About a decade ago, I stood in a high school English classroom, trying my best to give an exciting speech about my experiences as a young reporter. I worked for the local newspaper at the time and the school had invited me and a photographer to give the students a sense of the career opportunities available to them.
The teens all sat politely, if not quite rapt … except for one. He was a short, scrawny kid in an oversized hoodie. I could see him fidget and, worse, heard him mutter the occasional complaint about my presentation. Finally, he seemed to surrender to the fact that yes, I would be there for at least a few more minutes but instead of perking his ears up to listen, he lay his head down on his desk.
His teacher approached him and I expected some form of discipline would ensue. Instead, she gently put her arm around him and said something in a soft voice. I couldn’t make out exactly what it was, but it was clear she wasn’t scolding him — just showing some TLC. I felt mildly annoyed, to say the least. A child was acting rudely during my talk and there’d be no consequence for it?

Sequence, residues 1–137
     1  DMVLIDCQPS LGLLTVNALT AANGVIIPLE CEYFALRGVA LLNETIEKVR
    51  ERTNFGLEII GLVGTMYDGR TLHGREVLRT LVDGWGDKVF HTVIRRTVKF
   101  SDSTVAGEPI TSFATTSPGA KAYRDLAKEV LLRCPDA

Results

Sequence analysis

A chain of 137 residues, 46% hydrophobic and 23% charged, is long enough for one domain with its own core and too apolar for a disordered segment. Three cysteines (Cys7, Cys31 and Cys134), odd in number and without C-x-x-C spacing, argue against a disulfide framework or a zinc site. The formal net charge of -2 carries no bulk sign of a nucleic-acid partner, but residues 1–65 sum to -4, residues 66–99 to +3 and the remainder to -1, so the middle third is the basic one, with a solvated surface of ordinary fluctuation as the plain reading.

It only hit me later that the student’s behavior likely had little to do with me. The school served mostly poor students, more than half of whom qualified for free or reduced-cost lunches. The odds were good that this kid faced dire straits outside school hours. Maybe he was cranky because he had skipped a meal or two. Maybe he was tired because he didn’t have a comfortable place to sleep. Maybe he didn’t have a home at all. Whatever his problems were, his teacher saw fit to offer him compassion instead of punishment.
I thought about them both as I read a recent story in The Washington Post reporting that more than half of U.S. public school students live in poverty. The statistic itself is shocking, but what moved me even more was an anecdote about a kindergarten teacher in Albuquerque. Sonya Romero-Smith shows her young students some TLC, too, in part by stocking a drawer full of clean kids’ socks, underwear, and pants for the children.
“When they first come in my door in the morning, the first thing I do is an inventory of immediate needs: Did you eat? Are you clean?” she told The Post.
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